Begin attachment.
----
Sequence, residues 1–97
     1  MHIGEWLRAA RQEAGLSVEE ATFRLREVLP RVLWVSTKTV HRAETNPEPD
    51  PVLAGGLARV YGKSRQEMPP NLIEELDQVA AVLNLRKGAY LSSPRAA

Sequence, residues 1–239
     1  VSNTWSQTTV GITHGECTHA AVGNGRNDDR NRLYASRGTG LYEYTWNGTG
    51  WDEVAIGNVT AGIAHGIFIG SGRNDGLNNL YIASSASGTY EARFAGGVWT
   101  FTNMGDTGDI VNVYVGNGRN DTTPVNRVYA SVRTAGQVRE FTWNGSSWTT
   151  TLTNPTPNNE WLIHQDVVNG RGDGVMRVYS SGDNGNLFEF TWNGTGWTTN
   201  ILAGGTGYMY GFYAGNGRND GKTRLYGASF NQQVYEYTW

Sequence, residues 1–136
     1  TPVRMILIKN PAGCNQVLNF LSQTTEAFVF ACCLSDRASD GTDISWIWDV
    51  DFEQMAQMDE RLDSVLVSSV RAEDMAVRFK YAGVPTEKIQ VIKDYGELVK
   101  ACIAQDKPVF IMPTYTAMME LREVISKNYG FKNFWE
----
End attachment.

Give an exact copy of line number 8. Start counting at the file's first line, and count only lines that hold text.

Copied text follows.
   151  TLTNPTPNNE WLIHQDVVNG RGDGVMRVYS SGDNGNLFEF TWNGTGWTTN